For supplementary income, I tutor kids from preschool to high school. Helping them out with their homework and projects, one night, I learned how little they know of our own Philippine Literature and how few the sources are in the internet. Only then did I realize that I am grateful because my sisters and I grew up enjoying and hearing folklore retold by our grandmother and later by our mother, who teaches (still teaching at 69!) Filipino in college. Even our university professors used to challenge us in employing Philippine folklore whenever we can, so kids may enjoy them (or even simply know that they exist).
I hope this will somehow respond and supplement our needs in the classroom.
The purpose of putting up i-STORYA is to preserve Philippine stories for reading enjoyment and for the benefit of our students who are seeking these kinds of information.
Many regions of the Philippines are rich sources of folklore. They are teeming with myths, legends, plays, riddles, and numerous folk materials.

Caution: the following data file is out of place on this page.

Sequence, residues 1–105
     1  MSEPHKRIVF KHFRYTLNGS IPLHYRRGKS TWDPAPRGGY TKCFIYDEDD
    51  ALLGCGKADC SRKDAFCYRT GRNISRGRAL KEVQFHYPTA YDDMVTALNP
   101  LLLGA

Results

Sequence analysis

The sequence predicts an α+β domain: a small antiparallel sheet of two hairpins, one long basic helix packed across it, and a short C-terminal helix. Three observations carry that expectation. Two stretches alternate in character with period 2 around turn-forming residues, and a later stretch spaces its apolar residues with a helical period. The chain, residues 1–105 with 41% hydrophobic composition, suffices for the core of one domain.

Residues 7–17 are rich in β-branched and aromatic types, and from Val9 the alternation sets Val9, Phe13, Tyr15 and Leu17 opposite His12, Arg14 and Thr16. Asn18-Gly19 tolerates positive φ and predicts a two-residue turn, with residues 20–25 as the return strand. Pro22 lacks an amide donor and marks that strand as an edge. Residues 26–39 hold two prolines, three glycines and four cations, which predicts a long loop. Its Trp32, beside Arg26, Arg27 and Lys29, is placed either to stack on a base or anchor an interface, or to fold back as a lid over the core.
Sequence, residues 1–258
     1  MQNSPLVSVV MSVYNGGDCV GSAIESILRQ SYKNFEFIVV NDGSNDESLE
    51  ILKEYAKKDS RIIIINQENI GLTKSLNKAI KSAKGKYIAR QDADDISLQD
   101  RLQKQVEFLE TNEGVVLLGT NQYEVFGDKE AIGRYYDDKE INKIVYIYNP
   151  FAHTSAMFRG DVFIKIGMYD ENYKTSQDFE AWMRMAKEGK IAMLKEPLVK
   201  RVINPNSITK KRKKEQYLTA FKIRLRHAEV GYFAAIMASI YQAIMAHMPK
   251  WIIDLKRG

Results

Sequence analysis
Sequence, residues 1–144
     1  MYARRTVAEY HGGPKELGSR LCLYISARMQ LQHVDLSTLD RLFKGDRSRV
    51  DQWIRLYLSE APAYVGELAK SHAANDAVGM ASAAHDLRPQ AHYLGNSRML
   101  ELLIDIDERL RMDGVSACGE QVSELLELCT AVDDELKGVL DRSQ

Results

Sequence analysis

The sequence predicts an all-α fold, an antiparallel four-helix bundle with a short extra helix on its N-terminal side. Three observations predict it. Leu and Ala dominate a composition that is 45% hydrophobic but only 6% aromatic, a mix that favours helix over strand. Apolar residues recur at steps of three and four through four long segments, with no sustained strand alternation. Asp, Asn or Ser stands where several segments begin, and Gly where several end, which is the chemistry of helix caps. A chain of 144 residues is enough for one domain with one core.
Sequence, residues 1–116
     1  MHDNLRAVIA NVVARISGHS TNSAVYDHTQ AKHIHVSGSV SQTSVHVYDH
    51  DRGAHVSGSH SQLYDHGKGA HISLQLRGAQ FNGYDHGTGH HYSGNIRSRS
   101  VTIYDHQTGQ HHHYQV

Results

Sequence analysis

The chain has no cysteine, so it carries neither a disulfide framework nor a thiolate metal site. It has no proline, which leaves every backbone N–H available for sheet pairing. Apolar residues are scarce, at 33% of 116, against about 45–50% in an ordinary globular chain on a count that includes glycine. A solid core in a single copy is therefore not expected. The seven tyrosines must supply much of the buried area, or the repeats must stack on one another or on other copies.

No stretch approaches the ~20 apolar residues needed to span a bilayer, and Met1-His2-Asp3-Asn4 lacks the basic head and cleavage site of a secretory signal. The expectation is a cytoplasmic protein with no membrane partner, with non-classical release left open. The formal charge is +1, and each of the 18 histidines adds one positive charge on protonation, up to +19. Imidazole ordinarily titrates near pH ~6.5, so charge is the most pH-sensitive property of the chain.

The summaries I have posted here and the information regarding our literature have been written with every possible means used to preserve and convey the vigor and charm of our customs, the uniqueness of our mores, and the style and spirit with which these stories were retold by the informants and famous Filipino authors.
- Panitikang Piliipino. (2nd Edition). Maria S. Ramos, Obdulia L. Atienza, Lucila A. Salazar, Anita R. Nazal. Katha Publishing Co., Inc. 1984
- Panitikan ng Pilipinas. J Villa Panganiban, C.T. Panganiban, G. E. Matutue. Bede’s Publishing House, Inc., 1987
- Philippine Legends. Gaudencio V. Aquino. National Book Store, Inc., 1972
*”Istorya” in our Hiligaynon dialect is synonymous to:
v: converse, chat, discourse, speak, chatter
n: conversation, story, history, account, narrative, colloquy
“malip-ot nga istorya” = a short storypost.